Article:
The Railroad Museum of Pennsylvania: Smithsonian Affiliation and New Museum History Book

Smithsonian Affiliations has accepted the Railroad Museum of Pennsylvania as one of its newest members, clearing the way for the eventual exhibition of Smithsonian artifacts at the site in Strasburg, Lancaster County. “This type of association with the Smithsonian gives you instant credibility” said Jeffrey Bliemeister, director of the Railroad Museum. “It’s a good marketing tool that I hope...
read more

J.C. Blair Memorial Hospital, Huntingdon, Pa.

“Son arrived this eve 730.” I. John Schipper, born in 1878 in Pekin, Illinois, wrote to a Mrs. F.L. Velde, also of Pekin, on July 5 in the early 1920s – the year is unreadable in the postmark. “Edith is doing fine,” he continued. “In this hospital Room marked X. Tell all my friends please.” Schipper, a resident of Six Mile Run, Huntingdon County, at the time, was manager of mines for the...
read more

The Ship Hotel: Afloat with the Lincoln Highway’s Most Unusual Landmark

In 1931 the first and only baby was born at the Grand View Point Hotel, 18 miles west of Bedford, Bedford County. Little Clara was the pride of her grandfather Herbert J. Paulson (1874-1973), a Dutch immigrant who had built the hotel on the side of a mountain along the winding, two-lane Lincoln Highway. Clara grew up in the hotel, which “Captain” Paulson turned into the ship-shaped...
read more

Monument to Confederate Soldiers

In 1898 Congress passed the Private Mailing Card Act allowing the printing and publishing of postcards by private companies and launched a craze in the early years of the 20th century. Prior to this legislation only the U.S. Postal System was authorized to produce these cards. Billions of what are known as “real photo” postcards – depicting rural villages, picturesque panoramas, community...
read more

Preserving Pieces of Pennsylvania’s Past: An Inside Look at the Building of the Commonwealth’s Collections

Associations between butterflies and buttons, Conestoga wagons and cannon, sculpture and arrowheads, or fossils and founder William Penn’s original Charter may seem tenuous, even obscure and, perhaps, nonsensical. But a relationship does exist: they are among the one and a half million objects and thirty thousand cubic feet of manuscripts, records, maps and photographs in the custody and...
read more

Fulton County: Where Country is Still Country

When the first settlers wandered into the Great Cove – a deep basin formed by the southern ranges of the Kit­tochtinny and Tuscarora mountains – they discovered strikingly beautiful valleys, incised with sparkling streams, whose only intrusions were Indian trails and remote pack­ers’ paths. During the two centuries since its settlement, the picturesque mountain ridges and...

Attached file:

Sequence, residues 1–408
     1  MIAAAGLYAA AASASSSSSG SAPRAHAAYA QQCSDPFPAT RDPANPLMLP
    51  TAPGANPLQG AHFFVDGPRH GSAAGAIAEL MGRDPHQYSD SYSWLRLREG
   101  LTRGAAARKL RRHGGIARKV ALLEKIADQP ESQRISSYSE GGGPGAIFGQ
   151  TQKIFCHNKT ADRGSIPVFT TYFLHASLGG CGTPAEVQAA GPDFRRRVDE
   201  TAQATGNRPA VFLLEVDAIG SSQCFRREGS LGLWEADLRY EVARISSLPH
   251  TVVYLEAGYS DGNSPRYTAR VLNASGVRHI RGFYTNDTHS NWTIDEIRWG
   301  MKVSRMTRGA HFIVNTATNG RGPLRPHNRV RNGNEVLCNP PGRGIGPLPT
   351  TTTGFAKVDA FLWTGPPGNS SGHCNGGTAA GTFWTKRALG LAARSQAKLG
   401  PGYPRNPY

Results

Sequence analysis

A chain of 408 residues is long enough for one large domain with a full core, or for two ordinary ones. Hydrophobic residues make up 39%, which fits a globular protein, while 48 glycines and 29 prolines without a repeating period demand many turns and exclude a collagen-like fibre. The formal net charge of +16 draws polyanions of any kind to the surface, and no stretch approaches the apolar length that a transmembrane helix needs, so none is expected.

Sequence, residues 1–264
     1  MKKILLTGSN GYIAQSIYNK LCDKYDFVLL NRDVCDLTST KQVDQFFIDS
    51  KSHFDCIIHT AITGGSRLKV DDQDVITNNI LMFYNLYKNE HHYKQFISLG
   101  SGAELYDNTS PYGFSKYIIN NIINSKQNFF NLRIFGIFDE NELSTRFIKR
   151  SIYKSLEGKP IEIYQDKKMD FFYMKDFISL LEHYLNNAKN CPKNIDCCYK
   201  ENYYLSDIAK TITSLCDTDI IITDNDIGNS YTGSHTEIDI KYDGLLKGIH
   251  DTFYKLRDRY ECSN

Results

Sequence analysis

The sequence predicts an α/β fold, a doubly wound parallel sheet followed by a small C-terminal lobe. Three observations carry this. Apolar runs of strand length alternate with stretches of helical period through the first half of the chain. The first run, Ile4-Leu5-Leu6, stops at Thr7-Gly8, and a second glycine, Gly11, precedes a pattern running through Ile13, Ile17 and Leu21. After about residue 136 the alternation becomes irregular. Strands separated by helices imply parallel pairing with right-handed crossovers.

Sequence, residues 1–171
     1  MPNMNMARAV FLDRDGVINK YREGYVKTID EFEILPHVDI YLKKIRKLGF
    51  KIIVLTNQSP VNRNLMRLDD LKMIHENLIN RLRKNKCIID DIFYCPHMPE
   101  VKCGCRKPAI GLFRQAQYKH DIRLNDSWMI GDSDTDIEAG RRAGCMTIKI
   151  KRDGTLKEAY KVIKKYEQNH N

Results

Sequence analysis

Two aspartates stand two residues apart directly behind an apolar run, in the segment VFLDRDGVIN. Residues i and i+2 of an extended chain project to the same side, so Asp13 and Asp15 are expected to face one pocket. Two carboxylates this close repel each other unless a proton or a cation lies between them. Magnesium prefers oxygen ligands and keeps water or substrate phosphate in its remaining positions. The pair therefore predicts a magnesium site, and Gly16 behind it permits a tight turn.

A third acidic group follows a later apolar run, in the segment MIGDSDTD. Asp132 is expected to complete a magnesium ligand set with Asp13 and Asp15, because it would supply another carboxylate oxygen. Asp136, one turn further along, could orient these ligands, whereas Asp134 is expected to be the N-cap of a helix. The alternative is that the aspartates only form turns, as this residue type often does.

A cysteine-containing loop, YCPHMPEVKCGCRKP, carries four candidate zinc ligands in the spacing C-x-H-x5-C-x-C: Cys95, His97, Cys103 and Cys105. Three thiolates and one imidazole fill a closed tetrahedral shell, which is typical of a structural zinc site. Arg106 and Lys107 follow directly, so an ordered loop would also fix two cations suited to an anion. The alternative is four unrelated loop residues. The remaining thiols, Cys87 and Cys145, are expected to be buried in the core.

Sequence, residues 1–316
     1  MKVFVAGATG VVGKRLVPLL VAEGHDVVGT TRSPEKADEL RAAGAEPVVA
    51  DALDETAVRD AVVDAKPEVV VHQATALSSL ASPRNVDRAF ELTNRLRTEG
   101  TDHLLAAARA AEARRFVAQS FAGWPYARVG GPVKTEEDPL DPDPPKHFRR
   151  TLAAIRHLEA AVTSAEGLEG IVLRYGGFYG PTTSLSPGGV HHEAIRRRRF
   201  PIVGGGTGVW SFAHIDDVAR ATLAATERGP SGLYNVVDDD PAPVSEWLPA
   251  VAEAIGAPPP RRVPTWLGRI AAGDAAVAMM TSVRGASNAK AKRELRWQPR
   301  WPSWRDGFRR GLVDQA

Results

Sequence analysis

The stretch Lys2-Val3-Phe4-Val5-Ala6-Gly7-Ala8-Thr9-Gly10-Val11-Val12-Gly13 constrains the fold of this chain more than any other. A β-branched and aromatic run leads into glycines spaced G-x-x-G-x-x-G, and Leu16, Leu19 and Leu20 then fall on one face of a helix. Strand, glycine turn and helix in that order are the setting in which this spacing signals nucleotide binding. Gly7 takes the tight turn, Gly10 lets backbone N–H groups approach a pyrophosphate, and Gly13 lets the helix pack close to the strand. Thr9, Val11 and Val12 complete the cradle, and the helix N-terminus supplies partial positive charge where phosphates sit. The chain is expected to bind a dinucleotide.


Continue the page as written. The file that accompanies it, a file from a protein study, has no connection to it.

read more

Huntingdon County: Molding Character and Countians

When Philadelphia land speculator William Smith laid out the town of Huntingdon in 1767, it is possible that even then he saw its potential as a county seat. On the one hand, the idea seems preposterous: the area surrounding his prospective town was a wilderness accessi­ble only by a scanty network of undeveloped Indian paths. This unsettled part of Pennsyl­vania had been included in a vast...
read more

Centre County

Centre County, as its name implies, geographically is Pennsylvania’s central county. The first known residents to inhabit its lands were the Munsee and Shawnee Indians from the Delaware River. Before 1725 these Indians began to move westward, first to the Susquehanna, later to the Ohio. The Iroquois, who claimed the Susquehanna country, assigned one of their chiefs – a man best known...
read more

Black Cultural Development in Pennsylvania Since 1900

The cultural history of Blacks in America is varied and diverse. At the same time, it is deeply inter­woven into the whole of America’s cultural fabric. Yet, the significant cultural contributions of Black Amer­icans have been overlooked. Because of this omission, it was not until the beginning of the twentieth century that the art of Afro-Americans began to receive the recognition it so...
read more

Blair County: Center of Transportation

Blair County was among the last counties created by the Pennsylvania General Assembly. One factor which delayed the establishment of an additional county in the southern portion of central Pennsylvania was geography. The rugged, eastern slopes of the Appalachian Mountains, in which Blair County was eventually located, diverted settlers to other areas. Only after the discovery of iron ore...
read more